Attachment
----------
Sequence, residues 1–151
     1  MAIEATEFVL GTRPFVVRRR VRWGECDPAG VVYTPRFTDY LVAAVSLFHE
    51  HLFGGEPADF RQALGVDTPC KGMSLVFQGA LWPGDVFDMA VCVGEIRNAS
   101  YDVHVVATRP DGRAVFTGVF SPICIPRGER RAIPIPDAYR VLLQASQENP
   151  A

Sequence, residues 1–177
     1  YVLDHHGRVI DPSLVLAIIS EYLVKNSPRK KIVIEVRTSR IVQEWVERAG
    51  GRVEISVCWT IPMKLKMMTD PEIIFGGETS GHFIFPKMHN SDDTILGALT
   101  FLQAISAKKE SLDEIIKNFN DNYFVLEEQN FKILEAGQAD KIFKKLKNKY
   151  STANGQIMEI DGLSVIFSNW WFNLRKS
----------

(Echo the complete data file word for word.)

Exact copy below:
Sequence, residues 1–151
     1  MAIEATEFVL GTRPFVVRRR VRWGECDPAG VVYTPRFTDY LVAAVSLFHE
    51  HLFGGEPADF RQALGVDTPC KGMSLVFQGA LWPGDVFDMA VCVGEIRNAS
   101  YDVHVVATRP DGRAVFTGVF SPICIPRGER RAIPIPDAYR VLLQASQENP
   151  A

Sequence, residues 1–177
     1  YVLDHHGRVI DPSLVLAIIS EYLVKNSPRK KIVIEVRTSR IVQEWVERAG
    51  GRVEISVCWT IPMKLKMMTD PEIIFGGETS GHFIFPKMHN SDDTILGALT
   101  FLQAISAKKE SLDEIIKNFN DNYFVLEEQN FKILEAGQAD KIFKKLKNKY
   151  STANGQIMEI DGLSVIFSNW WFNLRKS